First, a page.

In my experience, most large conferences this year are realizing about 80 percent of their 2019 revenue performance. For some of the major annual meetings we’re tracking, sponsorship revenue has been a bright spot when compared to exhibit revenue performance. In pre-pandemic times, the recommended expo/sponsor revenue ratio was 3 to 1.
What remains the same is the textbook outcome of a successful sponsorship: improved attitudes and behavior for that brand. But that’s about affecting emotions — difficult, if not impossible, to measure. In other words, a sponsor’s ROI is subjective in nature, making pricing an inexact science.
Pricing methodologies for sponsorship vary greatly. If you are charged with updating and optimizing the pricing around your conference’s sponsorships, use these four tips to guide you:
- Leverage competitive intelligence. Thoroughly research your sponsorship inventory and pricing and compare against how much your top two or three competitors charge for similar items, like a mobile app or speaking slot. You may find low-hanging fruit recommendations by going through this exercise.
- Cost-plus is the most common method for pricing sponsorship. Calculate your cost of sales and delivery for each of your offerings. Multiply that result by two (or three if you have a high-performing program). This works best for inventory that is in the branding/promotion or attendee-experience category, like banners, charging stations, Wi-Fi, a mobile app, and giveaways.
- Expense recovery is one of the most overlooked pricing hacks for a top-performing sponsorship program. Sponsor investment in coffee breaks, receptions, and other F&B experiences has been declining for years. Often, it is difficult to sell these opportunities using the cost-plus method outlined above. With the expense-recovery model, partial funding can have a direct correlation to your bottom line — getting $5,000 for sponsoring a $10,000 coffee break is much better than having no sponsor for that property at all.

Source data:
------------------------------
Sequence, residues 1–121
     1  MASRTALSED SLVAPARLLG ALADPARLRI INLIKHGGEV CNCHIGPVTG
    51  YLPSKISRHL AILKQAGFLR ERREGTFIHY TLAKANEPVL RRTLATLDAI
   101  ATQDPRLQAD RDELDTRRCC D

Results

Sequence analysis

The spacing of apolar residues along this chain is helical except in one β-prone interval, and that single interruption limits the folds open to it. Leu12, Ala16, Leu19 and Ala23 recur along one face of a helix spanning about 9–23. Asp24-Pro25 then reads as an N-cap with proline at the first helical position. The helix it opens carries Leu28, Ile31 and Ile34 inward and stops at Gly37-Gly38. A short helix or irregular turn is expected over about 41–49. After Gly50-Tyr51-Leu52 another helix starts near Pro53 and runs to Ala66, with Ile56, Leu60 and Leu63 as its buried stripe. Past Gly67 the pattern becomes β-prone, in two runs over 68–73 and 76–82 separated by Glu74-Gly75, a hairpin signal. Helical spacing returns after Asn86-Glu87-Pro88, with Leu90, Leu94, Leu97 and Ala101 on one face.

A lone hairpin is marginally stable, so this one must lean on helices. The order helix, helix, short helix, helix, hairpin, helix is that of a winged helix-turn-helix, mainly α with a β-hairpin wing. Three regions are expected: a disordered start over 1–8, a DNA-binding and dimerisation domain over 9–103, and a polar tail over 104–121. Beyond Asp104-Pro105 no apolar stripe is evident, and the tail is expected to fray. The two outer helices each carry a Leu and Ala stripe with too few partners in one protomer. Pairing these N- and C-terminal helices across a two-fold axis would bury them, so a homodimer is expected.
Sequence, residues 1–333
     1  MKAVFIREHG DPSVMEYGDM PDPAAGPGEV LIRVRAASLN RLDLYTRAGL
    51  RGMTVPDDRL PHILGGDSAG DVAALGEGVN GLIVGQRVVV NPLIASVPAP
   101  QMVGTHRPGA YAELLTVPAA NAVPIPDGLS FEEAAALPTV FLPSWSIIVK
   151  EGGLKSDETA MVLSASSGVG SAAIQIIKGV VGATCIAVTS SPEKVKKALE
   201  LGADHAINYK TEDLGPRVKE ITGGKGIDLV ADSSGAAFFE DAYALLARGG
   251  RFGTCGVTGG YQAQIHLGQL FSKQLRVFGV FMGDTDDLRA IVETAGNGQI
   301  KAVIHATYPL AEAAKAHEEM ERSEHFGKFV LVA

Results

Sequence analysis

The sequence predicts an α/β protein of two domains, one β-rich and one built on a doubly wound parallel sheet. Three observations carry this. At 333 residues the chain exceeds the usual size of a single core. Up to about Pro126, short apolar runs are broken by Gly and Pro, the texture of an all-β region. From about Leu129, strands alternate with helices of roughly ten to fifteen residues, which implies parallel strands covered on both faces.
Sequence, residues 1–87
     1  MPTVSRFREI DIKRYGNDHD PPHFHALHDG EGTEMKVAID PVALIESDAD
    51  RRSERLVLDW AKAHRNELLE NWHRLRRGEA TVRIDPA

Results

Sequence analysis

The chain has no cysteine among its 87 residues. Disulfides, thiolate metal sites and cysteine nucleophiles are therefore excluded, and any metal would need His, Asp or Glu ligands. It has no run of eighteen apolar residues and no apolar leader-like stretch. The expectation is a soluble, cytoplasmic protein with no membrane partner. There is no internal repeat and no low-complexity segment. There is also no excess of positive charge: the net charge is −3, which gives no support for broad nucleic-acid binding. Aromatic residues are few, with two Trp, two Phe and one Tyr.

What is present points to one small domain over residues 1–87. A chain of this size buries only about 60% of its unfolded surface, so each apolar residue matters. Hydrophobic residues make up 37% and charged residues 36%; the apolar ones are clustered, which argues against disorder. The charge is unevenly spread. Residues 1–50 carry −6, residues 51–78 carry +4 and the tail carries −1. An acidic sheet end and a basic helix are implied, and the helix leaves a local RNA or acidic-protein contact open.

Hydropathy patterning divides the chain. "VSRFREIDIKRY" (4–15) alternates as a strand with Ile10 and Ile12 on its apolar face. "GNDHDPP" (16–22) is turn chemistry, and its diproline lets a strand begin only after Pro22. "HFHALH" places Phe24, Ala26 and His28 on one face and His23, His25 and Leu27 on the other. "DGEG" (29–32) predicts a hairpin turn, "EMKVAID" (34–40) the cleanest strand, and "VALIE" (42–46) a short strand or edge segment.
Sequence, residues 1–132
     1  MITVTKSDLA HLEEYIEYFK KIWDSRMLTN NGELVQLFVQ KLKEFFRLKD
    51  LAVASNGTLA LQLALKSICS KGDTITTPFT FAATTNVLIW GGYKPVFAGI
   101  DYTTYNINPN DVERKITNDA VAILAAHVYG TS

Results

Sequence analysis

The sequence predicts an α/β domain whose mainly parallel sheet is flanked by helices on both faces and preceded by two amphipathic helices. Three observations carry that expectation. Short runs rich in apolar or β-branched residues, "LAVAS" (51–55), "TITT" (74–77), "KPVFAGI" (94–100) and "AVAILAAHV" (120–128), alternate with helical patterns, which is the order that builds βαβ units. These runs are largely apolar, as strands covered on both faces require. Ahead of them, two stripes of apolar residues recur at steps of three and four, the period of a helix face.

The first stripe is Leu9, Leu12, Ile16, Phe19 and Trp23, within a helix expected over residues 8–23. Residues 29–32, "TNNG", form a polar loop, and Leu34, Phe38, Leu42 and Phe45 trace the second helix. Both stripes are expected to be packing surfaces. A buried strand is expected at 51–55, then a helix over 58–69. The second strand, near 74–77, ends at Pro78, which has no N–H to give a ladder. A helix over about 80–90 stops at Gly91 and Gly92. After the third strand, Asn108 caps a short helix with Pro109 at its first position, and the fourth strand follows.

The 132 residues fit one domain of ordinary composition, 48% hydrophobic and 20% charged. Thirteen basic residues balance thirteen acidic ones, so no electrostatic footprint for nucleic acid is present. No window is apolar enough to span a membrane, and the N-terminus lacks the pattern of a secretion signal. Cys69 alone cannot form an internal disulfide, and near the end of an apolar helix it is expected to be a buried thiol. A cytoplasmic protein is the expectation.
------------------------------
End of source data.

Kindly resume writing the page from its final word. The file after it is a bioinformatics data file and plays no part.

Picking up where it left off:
- The holy grail of pricing is to make it value-based, or what the market will bear. Thought-leadership inventory items — like sponsored sessions, tech demos, general sessions, and VIP experiences — are usually prime candidates for value-based pricing. Some of the indicators for using this model: A) They’re in high demand. Opportunities sell out. B) Top investors get or request first right of refusal for next year. C) Investors help activate the sponsorship through their pre- and post-conference marketing.
For a sponsorship program to be successful, you can never sell your attendees out. If it’s not something that they appreciate, you need improved inventory. Giving sponsors more stage time, for example, may backfire. It may bring in greater revenue but result in a poorer attendee experience — adversely changing their behaviors and attitudes towards a brand.
A Show of Respect
Even the best sponsorship sales professionals are rarely able to open and close a new, top-tier sponsorship deal. Their contact usually is with the budget spender, not budget maker. Budget makers often have an ego to stroke and will want a seat at the table with someone who can make commitments on behalf of your organization. Their executive-level presence will go far in demonstrating how much your organization values their support. By neglecting to bring someone on your leadership team into the conversation, your sponsorship growth likely will be incremental at best.
RELATED: Most sponsors prefer to write one check and despise multiple asks — something I wrote about in a 2019 Forward Thinking column that still holds true today. Read “Tips for Developing Bespoke Sponsorship Packages.”
Dave Lutz, CMP, is managing director of Velvet Chainsaw Consulting.